This is like saying: "Muhlegg only performed normally in Salt Lake, the real story is that everyone else slowed down because they couldn’t deal with the altitude. Muhleggs performance was within what he is capable of and it only shows he prepared properly"

Ivar Lundanes hat gesagt…

And then:
Do you really say my (and others) accusations are unsupported?

Just to remind you:
- China cheated massively at CISM.
- China have a history of big cheating in a lot of sports.
- ZhuoYe went from 93rd to 3rd in 4 weeks. From about 3 minutes behind superman with a almost clean race to about 1.20 behind.
- No Chinese have never been close to the level of the performance shown in the last sprint
- The Chinese have always been beaten clearly by better European Orienteers at WRE / PWT-races in China before
- The Chinese "just happened" to totally dominate the first part of the course, which according to SEA Blair Trewin had not been changed.
- The same SEA wrote on Nopesport that it's plausible that the Chinese had been training in the area before the race
- Apparently, one of the guys that Zhuoye passed said he barely looked at the map (as a single comment this is useless, but in the context with everything else about this result it counts)
- Comparison of Switzerland and China. Your numbers shows Zhuoye dropped average speed slightly, while everyone else dropped significantly. According to official measurement of course lengths, everyone else ran significant slower, while Zhuoye went faster (3:57 to 3:50 min/km). When you look at the differences in the two courses the course in China had about 33% more distinct directions of changes (about 50% more sharp corners), 50% more climbing, about 300% more “technical controls” and about 50% more tricky route choices. And the streets in China is a lot narrower. The course in China should slow you down a lot!
- As far as I can remember, no one else in the history of modern orienteering have had a performance leap like ZhuoYe on home ground races (Romania JWOC 1996 comes to mind, but that does not strengthen the theory thay nothing wrong have happened here..). Everyone knows orienteering is a sport where it’s really not that hard to cheat if you want to. There are no one “guarding” the embargoed terrain, and all it takes is for one organizer to share the map...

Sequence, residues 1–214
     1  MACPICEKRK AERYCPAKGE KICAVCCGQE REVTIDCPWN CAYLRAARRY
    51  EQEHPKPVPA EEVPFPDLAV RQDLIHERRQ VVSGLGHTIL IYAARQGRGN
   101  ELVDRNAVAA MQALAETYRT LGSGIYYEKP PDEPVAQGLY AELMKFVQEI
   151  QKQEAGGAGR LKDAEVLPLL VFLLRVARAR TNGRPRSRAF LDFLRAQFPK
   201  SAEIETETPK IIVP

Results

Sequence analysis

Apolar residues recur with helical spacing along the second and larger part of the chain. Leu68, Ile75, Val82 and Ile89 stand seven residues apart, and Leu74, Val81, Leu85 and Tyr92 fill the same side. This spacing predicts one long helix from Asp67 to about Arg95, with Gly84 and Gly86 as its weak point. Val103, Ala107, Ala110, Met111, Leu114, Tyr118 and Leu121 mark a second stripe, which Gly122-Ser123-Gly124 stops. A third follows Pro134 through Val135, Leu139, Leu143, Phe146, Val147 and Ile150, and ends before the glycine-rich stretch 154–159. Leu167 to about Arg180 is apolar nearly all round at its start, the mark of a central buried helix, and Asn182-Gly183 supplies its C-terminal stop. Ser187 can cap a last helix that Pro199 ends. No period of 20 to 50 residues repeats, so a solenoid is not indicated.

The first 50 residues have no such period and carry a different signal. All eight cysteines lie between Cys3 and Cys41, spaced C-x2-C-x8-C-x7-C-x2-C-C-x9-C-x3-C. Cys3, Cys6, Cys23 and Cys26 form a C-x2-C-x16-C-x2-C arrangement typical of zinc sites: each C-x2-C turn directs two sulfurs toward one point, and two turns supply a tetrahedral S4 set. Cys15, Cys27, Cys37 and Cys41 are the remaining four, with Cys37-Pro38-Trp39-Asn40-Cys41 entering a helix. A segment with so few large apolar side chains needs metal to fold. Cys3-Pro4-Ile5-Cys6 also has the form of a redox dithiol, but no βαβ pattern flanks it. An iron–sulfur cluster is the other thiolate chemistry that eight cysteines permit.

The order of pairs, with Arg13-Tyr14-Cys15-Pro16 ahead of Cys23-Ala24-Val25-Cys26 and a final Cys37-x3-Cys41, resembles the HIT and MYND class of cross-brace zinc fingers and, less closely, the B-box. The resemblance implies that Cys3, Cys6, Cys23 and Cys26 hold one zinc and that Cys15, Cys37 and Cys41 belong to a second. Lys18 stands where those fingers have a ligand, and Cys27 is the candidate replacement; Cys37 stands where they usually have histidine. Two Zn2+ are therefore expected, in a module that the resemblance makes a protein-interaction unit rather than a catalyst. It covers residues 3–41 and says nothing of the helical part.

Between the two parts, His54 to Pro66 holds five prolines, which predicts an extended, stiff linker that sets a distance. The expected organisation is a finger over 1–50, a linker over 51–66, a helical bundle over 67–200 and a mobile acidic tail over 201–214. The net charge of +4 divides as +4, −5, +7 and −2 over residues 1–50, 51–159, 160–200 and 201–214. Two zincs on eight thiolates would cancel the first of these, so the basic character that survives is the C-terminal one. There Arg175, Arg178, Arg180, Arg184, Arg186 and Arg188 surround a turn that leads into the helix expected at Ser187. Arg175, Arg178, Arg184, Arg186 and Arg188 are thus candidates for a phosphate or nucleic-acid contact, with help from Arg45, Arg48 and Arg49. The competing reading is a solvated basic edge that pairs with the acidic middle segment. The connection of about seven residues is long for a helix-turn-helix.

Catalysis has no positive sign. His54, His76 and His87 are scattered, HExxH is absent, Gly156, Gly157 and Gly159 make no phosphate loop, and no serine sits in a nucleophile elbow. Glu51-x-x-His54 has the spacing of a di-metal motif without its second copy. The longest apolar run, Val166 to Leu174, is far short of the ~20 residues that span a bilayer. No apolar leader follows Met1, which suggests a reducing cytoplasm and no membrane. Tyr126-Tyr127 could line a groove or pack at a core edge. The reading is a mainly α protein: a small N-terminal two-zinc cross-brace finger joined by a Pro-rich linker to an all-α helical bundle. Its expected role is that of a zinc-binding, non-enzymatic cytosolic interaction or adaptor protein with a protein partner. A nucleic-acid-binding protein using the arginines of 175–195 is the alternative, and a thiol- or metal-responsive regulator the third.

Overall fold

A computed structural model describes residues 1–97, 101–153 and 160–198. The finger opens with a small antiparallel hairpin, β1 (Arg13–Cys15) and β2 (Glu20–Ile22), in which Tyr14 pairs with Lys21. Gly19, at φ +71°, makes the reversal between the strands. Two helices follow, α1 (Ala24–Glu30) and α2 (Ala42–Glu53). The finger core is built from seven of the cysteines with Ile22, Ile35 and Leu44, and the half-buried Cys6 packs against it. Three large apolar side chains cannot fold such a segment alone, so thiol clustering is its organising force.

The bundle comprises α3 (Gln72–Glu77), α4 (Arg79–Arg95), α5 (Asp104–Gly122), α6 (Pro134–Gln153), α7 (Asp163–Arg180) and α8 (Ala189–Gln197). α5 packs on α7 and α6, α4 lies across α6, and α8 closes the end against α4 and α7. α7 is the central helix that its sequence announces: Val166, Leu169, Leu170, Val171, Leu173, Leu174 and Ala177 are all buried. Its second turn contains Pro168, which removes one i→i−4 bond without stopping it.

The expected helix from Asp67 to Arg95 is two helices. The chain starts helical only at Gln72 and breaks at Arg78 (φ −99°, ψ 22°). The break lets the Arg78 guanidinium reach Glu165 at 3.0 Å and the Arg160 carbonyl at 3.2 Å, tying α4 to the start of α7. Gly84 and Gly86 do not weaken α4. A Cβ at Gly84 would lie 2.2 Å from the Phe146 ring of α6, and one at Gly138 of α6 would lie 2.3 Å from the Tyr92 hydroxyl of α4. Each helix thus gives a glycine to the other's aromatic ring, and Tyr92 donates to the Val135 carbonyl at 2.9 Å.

After reading these 10 things I come up with, are you still saying that it’s all unsupported?

Ivar Lundanes hat gesagt…

You ask me to tell you what happened?
I’ll tell you. The course in China should slow everyone down a lot compared with Switzerland. It slowed down all the best sprint orienteers in the world, but it didn’t slow down Zhuoye. This is because the other athletes had to slow down to read the map. Zhuoye didn’t have to slow down. Either it’s because he is technical superior to the best in the world OR it’s because he knew things about the course and terrain that they didn’t, because he had been in the terrain before and seen the course (probably not the final version).
Of those two there is one very logical answer and one very unlikely.

I understand that you want to believe that what Zhuoye is possible. I also think it's possible for an athlete to improve with the right terrain and the right preparations. But there are limits to the general level, and

When I argue with you and BOM I imagine that this is exactly like the way it must have been for those poor guys on a Norwegian cycling forumback in the early 2000s who had to argue with me wheter Lance Armstrong was doped or not. Back when I was a naive kid, 13-14 years old, and I thought the legend of LA was real, because why would anyone cheat in sport?? Look at CISM (cheating in several sports, not just orienteering!), look at the Sochi olympic scandal, look at corruption in IOC, FIFA etc, look at all footballers who intentionally dives and cheat to get advantage, look at Salazar and Nike Oregon Project, look at the ongoing investigations regarding Team Sky and former team doctor Freeman, look everywhere around in the world of sports.

Then tell me that we should always just believe everyting is great...